“Summer on Oneida allows you to fish for smallmouths just about any way you like because you might find them anywhere from 6 inches of water to 30 feet,” Lefebre says. “Run the shoreline and inside the grassline, fish over grass humps, target the deep weededge, or go deep offshore with a drop-shot. And this is the only lake I‘ve caught smallmouths on while frogging slop weeds for largemouths. My most productive presentation targets suspended smallmouths. I position the boat on the deep weededge adjacent to deeper water that’s 20-feet deep or more. Then I make a long cast with a Rapala DT10 or DT16 over the deep water and burn it back. Smallmouths smack the crankbait.

More Outstanding Smallmouth Waters

Of course, my five favorite smallmouth fisheries aren’t the only exceptional bronzeback waters in the country. To broaden the list, I asked 10 gadabout smallmouth anglers about their favorite waters for smallmouths.

  • Buffalo River, AR—Jeff Samsel, fishing writer: 135 miles with plenty of public access for wading or floating with great numbers of smallmouths and spectacular scenery.
  • Burt/Mullet Lakes, MI—Marcel Veenstra, guide: A trophy lake with the current state record; also recent photo of a reported 10.5-pounder.
  • Lake Champlain, NY/VT—Mark Burgess, bass pro: Loaded with 4-pound-plus smallmouths, caught from 1 to 40 feet deep.
  • Lake Erie’s Eastern Basin, Presque Isle Bay to Buffalo—Britt Stoudenmire, guide; Dave Lefebre, bass pro; Mark Burgess, bass pro: They all rate Lake Erie’s eastern basin as their top pick due to the abundance of 5- to 6-pound bass.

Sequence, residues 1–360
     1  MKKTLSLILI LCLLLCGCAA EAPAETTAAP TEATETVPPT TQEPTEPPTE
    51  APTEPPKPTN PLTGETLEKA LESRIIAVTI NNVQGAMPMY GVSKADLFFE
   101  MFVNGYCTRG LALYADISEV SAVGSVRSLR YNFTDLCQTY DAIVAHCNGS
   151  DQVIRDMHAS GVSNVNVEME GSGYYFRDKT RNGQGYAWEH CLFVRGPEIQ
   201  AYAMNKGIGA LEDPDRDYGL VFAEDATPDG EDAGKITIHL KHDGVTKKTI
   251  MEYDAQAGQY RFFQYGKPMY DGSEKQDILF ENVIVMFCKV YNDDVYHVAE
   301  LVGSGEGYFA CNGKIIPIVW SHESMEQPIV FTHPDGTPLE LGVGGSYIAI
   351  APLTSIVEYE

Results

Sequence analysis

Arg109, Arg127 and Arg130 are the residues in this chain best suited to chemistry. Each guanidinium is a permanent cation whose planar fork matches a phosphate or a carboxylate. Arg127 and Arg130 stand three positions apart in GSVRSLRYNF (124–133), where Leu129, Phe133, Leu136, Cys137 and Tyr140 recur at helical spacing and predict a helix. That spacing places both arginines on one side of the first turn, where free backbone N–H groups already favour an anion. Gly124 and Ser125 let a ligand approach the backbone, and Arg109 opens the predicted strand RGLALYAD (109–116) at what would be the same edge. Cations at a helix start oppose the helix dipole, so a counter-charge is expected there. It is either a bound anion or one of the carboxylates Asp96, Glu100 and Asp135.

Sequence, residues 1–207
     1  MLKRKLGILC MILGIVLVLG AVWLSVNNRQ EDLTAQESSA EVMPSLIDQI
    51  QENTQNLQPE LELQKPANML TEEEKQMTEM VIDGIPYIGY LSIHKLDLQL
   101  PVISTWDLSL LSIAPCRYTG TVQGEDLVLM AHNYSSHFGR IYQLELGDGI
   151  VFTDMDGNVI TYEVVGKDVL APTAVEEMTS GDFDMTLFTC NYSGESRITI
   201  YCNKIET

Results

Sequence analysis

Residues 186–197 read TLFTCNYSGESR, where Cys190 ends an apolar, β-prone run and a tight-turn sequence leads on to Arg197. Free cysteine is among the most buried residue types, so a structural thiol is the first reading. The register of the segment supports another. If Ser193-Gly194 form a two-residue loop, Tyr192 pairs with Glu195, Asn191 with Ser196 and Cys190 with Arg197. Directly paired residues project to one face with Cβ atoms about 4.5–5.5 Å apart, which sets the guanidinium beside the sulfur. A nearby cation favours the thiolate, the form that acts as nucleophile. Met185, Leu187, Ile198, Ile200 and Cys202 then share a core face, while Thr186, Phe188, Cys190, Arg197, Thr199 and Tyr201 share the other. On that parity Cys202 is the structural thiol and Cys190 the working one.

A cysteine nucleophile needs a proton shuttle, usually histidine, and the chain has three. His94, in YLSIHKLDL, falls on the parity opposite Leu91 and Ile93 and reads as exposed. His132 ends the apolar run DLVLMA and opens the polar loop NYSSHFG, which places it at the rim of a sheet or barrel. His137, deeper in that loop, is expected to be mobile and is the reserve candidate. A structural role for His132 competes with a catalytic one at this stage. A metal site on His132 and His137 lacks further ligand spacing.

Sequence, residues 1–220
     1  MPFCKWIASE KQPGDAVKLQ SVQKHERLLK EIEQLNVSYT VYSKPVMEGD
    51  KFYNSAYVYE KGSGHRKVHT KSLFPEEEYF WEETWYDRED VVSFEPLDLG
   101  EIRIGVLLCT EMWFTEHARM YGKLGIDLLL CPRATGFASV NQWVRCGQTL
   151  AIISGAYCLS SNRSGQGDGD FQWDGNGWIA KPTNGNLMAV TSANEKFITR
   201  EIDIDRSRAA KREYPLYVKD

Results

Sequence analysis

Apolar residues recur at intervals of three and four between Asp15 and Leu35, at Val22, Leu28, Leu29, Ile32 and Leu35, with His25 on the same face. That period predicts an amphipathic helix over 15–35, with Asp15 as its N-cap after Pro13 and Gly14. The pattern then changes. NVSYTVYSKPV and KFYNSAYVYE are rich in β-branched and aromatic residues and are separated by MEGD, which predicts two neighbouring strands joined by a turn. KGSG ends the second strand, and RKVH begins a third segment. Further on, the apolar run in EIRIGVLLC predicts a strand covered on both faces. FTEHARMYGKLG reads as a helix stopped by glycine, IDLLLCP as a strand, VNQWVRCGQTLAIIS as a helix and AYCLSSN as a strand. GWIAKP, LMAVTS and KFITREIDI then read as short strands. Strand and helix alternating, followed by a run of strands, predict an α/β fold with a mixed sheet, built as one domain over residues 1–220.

• Lake St. Clair, MI—Marcel Veenstra: Extremely dependable fishery for putting numbers of average-size smallmouths in the boat.
  • Lake Winnipesaukee, NH—Mark Burgess: A beautiful lake with potential 100-bass days.
  • Mille Lacs, MN—George Toalson, lure designer for Gene Larew Lures: Consistently produces large smallmouths along with incredible daily numbers.
  • Penobscot River, ME—Jeff Samsel: Rare combination of quantity and quality smallmouths in a classic river setting; outstanding topwater bite.
  • James River, VA—Britt Stoudenmire: Smallmouth population is strong with numerous 16- to 18-inch bass.
  • Tennessee River impoundments, Pickwick and Wilson lakes, AL—Jimmy Mason, guide and tournament angler; Bruce Holt, G. Loomis: They agree these waters produce 7-pound smallmouths each year, with feeding sprees triggered by current flow.
  • Traverse Bay, MI—Bruce Holt: Beautiful and fun place to fish, with trophies to 7 pounds.
  • Quabbin Reservoir, MA—Bill Decoteau, fishing writer: Clear-water impoundment with prime classic smallmouth bass habitat; smallmouths average 3 to 4 pounds.